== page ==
Wednesday, July 23, 2014

Why Do We Keep Asking For Apologies?

The idea that people have to apologize for who they are to me is one of the stupid things we do as humans. Majorly, because, minority groups often believe they shouldn't apologize for who they are but expect the majority group to apologize. This scenario fascinates me, as it's one I see in every freedom movement. But the three major movements that show it the most are race, gender and sexuality.

Let's tackle each issue.

Publication News: Wartorn Me

I don't know about you, but poetry is the hardest thing to write. You're meant to prune it till it's succinct. As a die-hardened fiction writer, I used to swear I couldn't write poetry.  But, 2012 was a great year. I took a poetry class and wrote some decent poems. Even better, I got two of my poems published. Klorofyl is the latest journal to publish my work. And I am honored.

Head over to Klorofyl to read Wartorn Me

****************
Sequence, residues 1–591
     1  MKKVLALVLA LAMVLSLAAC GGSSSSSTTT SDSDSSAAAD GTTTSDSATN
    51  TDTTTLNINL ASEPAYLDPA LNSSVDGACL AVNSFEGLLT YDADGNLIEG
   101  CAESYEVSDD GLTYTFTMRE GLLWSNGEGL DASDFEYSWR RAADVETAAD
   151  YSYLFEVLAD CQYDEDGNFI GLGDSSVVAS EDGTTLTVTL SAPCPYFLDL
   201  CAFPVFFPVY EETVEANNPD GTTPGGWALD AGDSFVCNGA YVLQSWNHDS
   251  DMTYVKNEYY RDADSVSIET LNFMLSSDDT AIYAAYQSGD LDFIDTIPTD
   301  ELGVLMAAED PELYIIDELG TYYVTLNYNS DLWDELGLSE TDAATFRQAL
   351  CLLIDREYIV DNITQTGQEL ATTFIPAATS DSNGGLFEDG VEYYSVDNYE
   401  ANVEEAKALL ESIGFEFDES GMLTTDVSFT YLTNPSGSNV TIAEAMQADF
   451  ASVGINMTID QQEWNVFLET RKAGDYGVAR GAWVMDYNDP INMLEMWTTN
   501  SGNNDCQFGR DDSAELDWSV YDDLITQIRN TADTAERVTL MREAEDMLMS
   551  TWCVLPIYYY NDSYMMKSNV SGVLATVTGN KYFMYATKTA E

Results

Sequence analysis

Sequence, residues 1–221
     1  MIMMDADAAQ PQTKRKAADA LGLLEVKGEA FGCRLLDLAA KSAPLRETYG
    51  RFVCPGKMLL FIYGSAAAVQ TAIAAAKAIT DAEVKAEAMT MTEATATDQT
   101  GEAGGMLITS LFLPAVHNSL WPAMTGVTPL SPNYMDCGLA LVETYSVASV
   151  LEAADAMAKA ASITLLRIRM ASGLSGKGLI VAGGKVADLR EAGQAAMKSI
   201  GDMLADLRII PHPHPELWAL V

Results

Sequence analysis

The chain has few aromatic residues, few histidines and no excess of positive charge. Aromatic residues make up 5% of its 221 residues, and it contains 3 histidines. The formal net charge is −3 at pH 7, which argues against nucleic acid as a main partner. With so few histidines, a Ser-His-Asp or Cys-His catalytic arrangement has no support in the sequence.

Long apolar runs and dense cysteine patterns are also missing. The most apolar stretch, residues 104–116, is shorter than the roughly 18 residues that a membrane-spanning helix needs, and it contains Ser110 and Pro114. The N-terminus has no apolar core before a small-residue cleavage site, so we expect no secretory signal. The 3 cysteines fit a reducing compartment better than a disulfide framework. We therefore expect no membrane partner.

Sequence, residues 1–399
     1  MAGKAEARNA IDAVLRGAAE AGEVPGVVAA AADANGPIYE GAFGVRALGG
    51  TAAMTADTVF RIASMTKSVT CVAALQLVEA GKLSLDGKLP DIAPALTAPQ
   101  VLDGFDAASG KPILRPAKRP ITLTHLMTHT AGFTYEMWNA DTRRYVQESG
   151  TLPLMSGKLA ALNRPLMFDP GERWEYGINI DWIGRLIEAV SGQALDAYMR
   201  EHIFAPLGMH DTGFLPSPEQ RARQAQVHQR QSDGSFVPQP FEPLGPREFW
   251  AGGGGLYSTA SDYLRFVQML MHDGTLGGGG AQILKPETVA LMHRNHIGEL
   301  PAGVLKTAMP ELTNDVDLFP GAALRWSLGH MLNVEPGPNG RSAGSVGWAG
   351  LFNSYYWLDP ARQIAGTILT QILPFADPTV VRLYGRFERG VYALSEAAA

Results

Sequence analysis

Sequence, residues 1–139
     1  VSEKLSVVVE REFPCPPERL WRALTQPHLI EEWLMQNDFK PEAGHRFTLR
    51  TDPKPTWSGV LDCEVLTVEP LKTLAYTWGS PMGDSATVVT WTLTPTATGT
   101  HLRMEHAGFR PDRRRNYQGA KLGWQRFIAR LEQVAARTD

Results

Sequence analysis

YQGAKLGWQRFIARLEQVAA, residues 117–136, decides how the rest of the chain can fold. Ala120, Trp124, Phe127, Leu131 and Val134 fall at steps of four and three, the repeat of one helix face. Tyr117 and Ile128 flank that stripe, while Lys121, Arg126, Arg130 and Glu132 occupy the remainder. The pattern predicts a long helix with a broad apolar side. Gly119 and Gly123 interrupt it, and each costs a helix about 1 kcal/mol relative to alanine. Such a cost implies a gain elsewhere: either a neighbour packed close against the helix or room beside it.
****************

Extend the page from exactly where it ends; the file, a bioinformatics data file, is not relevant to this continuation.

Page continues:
Sunday, July 20, 2014

A List Of African Literary Magazines

Packed with information and interesting features, the magazine began with the simple desire to provide a necessary service to the followers of African Poetry - readers and scholars, anthologists, conference and festival managers or other enquirers.  
Submit:  poetry.

Fosters cultural understanding and awareness through literature, art and film. Founded in 1992 by a small group of writers and visual artists, the organization strives for artistic and literary excellence while showcasing the unique and diverse stories within the African Diaspora. It publishes quarterly.
Submit: fiction, poetry.

Wednesday, July 9, 2014

Orange is the New Black Disney Princesses

For a Design Crowd contest, Maria Bayley mashed-up Disney princesses with Orange is the New Black characters and came up with:
Holla! She won first place. 

Monday, May 26, 2014

My #YesAllWomen Tweets

When the Majority is Oppressed!

I found this emotional 10 minutes short about a world where men are subject to sexism. It's titled Majorité Opprimée, translation, Oppressed Majority. Synopsis reads "On what seems to be just another ordinary day, a man is exposed to sexism and sexual violence in a society ruled by women."